Not written words

Words that make satisfying shapes in your mouth and on the page, rolling around your tongue and exploding like popping candy. Penned by a woman whose name looks like a girl playing hopscotch, whose work has been described as ‘urchin literature’, who drew her own cover art. Translated like the best dancing – it looks effortless, but must have been fiendishly difficult for Jennifer Feely to pull off.

Xi Xi’s poetry is often playful and fun, but there’s more to it than meets the eye. This beloved Hong Kong poet has just had a selection of her work published in English for the first time by Zephyr Press. It wasn’t easy to choose a few favourites, but this is definitely one:

Xi Xi’s work always has an element of surprise – and turning things on their head, calling their original position into question:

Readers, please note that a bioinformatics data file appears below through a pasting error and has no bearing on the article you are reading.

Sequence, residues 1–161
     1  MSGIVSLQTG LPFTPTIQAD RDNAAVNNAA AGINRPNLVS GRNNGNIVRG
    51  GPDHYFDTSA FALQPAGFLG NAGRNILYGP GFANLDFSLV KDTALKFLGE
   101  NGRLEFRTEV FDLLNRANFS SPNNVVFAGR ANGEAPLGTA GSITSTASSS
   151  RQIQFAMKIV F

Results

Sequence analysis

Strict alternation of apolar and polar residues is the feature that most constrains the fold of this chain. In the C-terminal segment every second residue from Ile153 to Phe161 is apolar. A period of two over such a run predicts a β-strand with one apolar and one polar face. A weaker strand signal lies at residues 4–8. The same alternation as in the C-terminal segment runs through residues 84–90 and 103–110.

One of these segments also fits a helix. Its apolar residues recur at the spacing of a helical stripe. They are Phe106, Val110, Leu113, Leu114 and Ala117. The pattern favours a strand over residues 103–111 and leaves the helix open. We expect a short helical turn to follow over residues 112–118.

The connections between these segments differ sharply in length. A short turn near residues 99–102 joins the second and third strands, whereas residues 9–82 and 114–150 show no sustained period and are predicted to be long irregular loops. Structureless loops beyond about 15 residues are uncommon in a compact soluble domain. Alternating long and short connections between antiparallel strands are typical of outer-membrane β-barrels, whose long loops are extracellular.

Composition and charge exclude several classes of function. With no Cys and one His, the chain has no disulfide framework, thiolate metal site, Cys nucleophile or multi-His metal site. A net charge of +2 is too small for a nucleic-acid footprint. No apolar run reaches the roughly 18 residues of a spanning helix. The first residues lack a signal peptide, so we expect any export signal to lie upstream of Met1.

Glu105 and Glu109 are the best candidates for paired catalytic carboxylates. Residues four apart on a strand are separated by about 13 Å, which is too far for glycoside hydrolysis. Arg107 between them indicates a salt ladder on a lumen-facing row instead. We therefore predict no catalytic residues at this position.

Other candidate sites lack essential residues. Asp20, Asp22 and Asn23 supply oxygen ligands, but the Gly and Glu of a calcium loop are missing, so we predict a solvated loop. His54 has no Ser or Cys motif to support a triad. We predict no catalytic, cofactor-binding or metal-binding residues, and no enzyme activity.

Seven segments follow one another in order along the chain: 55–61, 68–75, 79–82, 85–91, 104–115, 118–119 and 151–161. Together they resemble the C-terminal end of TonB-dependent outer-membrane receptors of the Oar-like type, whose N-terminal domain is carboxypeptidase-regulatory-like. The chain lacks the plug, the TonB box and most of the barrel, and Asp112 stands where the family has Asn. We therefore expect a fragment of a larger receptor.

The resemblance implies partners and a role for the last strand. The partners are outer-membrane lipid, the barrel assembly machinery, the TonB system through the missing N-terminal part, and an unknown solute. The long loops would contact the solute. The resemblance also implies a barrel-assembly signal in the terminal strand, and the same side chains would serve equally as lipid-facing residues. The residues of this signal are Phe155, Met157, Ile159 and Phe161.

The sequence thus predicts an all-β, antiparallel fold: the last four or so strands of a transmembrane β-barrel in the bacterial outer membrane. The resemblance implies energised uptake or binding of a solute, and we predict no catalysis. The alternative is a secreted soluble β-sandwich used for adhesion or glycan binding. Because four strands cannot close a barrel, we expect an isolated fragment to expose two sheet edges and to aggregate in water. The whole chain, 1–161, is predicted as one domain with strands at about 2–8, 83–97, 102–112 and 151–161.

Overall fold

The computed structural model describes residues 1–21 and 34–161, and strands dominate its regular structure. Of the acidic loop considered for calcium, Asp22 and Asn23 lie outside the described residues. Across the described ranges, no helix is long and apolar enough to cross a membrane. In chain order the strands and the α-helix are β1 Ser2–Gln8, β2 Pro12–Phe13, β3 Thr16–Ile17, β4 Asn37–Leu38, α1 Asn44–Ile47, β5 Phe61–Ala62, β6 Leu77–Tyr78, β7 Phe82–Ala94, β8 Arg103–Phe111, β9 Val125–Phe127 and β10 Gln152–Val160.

In characters, as with her own name, it may be easier to sketch on the page, but this is all the harder to reproduce in English:

She is also able to paint a broad canvas with very few words:

It’s no surprise that Xi Xi has been compared to the Nobel laureate Wisława Szymborska. As she moves to writing on a computer, Xi Xi’s poems get longer, and her political focus changes. To read them, I urge you to find the book – and sincerely hope that this translation will be the first of many.

Translator, editor, writer, reader

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Posted in books, poetry, translation
One comment on “Not written words
  1. janeishly says:

    I’m always so in awe of people who can translate poetry – what a prospect! Looks like Jennifer Feeley has done a really good job of it, though. Another to add to my wish list.

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